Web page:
There will be a lot of talk this week about the importance of this year’s Mardi Gras to New Orleans, to reviving its spirits, of boosting its economy, of proclaiming its resolve to survive.
I’m sure it will do some of that, but much of it is false hope–kind of like the 11,000 mobile homes for Katrina victims that are still sitting in a parking lot in Hope, Ark. That’s the way Mardi Gras has always been.
I love Mardi Gras. But long ago it became a parody of the city’s fatal ills. Andre Codrescu, in an op-ed that ran in the N&O, described Mardi Gras as fundamentally satire, with mobs ruling the streets as rulers are forced to shower them with gifts. But that satire long ago become a sick joke. Wealthy businessmen tossed worthless trinkets to a populace that was inordinately poor because of a long-neglected public school system and a lack of creative economic development, and few noticed the irony. It wasn’t until the 1980s that a brave, African-American councilwoman called the city on its ultimate hypocrisy–spending hundreds of thousands of dollars each year to provide support services for the parades of segregated, white, high-society carnival organizations. The City Council told them if they didn’t integrate, they wouldn’t receive public protection, and the highest society krewes opted to stop parading. That’s the attitude that pervaded New Orleans’ business community for all of the 20th century.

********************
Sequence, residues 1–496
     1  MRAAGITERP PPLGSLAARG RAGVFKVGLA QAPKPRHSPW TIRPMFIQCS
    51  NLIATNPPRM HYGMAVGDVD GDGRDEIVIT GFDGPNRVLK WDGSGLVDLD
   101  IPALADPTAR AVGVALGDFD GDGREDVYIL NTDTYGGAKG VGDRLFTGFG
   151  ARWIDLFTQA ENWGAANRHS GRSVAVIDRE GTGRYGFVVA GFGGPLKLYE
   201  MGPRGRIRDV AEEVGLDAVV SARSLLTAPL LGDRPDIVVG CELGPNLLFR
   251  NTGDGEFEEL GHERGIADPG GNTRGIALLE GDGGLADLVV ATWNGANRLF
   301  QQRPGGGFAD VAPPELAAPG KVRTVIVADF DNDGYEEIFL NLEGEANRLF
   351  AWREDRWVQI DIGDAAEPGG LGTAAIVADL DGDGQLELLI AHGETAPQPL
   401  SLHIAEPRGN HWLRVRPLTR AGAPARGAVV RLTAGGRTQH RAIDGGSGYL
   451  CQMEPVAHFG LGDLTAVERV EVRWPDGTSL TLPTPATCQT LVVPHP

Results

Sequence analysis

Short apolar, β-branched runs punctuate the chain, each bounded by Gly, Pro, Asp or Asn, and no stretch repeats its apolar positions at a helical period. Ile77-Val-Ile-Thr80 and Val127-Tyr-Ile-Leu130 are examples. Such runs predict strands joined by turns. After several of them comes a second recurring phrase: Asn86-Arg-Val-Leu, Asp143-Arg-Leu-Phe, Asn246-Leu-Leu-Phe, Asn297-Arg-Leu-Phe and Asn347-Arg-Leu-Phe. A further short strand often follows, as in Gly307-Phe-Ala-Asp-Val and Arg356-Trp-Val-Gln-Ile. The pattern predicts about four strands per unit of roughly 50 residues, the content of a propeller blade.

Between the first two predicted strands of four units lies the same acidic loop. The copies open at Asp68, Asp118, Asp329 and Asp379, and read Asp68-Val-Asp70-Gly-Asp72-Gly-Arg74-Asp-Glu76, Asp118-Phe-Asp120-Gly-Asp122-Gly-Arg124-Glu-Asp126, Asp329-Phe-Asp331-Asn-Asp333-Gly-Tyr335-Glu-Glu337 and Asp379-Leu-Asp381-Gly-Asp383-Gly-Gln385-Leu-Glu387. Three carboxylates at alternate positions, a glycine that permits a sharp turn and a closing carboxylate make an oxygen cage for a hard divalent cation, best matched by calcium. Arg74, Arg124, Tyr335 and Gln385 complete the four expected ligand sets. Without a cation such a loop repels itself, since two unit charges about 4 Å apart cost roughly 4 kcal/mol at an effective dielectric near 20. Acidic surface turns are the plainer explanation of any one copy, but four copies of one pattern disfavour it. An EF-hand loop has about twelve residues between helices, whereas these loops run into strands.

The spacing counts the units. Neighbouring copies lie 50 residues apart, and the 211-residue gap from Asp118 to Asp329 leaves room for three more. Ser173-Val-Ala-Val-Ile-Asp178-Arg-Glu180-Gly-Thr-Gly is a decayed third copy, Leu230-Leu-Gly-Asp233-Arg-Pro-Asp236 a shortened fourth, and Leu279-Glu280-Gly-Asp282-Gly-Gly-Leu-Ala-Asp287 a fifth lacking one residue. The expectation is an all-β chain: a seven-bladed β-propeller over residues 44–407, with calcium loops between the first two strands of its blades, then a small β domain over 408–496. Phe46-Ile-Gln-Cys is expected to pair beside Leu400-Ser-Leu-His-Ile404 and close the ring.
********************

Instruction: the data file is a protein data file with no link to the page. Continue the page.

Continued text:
The fear now is that the same attitude is infecting the rebuilding of New Orleans. To see how, look at the Mardi Gras Index put out Tuesday by the Gulf Coast Reconstruction Watch project of the Durham-based Institute for Southern Studies. It’s at www.reconstructionwatch.org.
We may think we’re wiser than that here. But when I read our reporter Mosi Secret’s stories about the way politicians are trying to use the North Carolina Lottery to cut legislative funding for education in the name of fun and games, (see page 15), I’m not so sure.
This week marks an additional leap in music coverage with the help of our friends at Classical Voice of North Carolina, the innovative and informed classical music Web site (www.cvnc.org). We’ve heard a lot over the years that one of the most missed aspects of the old Spectator was its steady coverage of classical music and events in the Triangle–a void that CVNC’s excellent coverage started filling a few years back.
So look for our new column of classical best bets compiled by CVNC’s writers starting this week–and running every week–in our Spectator arts and entertainment calendar on page 40.
In addition to tips on the best in the week’s classical shows, we’ll also provide excerpts and links to CVNC’s ample array of review and commentary. x